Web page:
Date of Award
Master of Science
Karen Currie, PhD
Satellite distance education delivery typically has one main drawback -- limited student-to-student and student-to-instructor interaction. Telecommunications technology, more specifically computer-mediated communication (CMC), has made it possible for educational institutions to overcome this drawback. This research examines the comparative effectiveness of CMC supplemented satellite distance education delivery and traditional face-to-face education delivery. The three dependent variables that were measured to compare the two educational delivery methods included: performance, interaction, and attitude outcomes. Pre- and post-course instruments were administered in a non-equivalent quasi-experimental design to students enrolled in an Air Force Institute of Technology's School of Systems and Logistics software engineering Professional Continuing Education course. Descriptive statistics and parametric tests were used to analyze these results (at alpha = .05). The parametric tests indicated that the distance education group and traditional group differed significantly on two demographic areas, educational level and self-rated computer proficiency, and on the pretest, final exam and overall course grades. The distance education and traditional group were not significantly different on pre-course attitudes towards computers, midterm exam grades, and post- course instructor and course ratings.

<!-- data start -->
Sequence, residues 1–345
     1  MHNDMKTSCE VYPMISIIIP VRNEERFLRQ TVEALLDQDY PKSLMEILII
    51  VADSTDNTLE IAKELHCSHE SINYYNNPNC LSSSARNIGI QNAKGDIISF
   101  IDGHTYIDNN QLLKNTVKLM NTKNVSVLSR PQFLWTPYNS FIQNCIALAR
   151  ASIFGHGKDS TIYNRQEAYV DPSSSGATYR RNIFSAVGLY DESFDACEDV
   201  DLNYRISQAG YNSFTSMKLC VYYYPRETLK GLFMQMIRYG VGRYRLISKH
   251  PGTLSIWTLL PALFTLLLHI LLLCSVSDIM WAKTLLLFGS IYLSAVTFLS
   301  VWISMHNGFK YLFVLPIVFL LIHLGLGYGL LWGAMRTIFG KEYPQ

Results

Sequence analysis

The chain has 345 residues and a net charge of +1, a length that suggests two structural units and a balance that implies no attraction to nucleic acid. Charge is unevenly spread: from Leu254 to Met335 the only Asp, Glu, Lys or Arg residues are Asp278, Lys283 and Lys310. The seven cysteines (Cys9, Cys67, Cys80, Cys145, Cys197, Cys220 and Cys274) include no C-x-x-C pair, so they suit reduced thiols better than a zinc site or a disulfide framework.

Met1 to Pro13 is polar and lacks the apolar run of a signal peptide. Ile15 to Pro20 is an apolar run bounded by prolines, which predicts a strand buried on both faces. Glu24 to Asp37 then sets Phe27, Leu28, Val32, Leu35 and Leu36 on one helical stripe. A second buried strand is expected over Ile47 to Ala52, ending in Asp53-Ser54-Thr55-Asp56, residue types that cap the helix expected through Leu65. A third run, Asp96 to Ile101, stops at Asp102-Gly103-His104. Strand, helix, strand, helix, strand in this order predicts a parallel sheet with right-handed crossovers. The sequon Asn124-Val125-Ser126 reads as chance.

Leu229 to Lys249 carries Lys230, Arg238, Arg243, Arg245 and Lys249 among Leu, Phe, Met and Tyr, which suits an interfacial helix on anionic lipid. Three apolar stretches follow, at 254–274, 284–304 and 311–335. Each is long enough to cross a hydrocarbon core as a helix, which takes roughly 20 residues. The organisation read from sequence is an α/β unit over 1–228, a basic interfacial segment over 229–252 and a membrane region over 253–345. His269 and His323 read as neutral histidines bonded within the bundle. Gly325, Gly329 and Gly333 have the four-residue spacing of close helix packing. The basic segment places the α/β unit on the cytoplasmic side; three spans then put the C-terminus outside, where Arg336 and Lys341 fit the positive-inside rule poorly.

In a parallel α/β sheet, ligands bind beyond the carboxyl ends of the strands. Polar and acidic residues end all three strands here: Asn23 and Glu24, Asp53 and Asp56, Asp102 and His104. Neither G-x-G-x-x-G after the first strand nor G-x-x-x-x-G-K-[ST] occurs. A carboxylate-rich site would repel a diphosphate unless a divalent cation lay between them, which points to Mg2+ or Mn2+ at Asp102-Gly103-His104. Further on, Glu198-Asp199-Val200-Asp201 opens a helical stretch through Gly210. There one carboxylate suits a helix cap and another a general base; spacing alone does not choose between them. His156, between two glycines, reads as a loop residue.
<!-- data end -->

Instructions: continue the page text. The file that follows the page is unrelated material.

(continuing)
DTIC Accession Number
Block, Megan C., "The Comparative Effectiveness of Computer-Mediated Communication Supplemented Satellite Distance Education and Traditional Face-To-Face Education" (1995). Theses and Dissertations. 6264.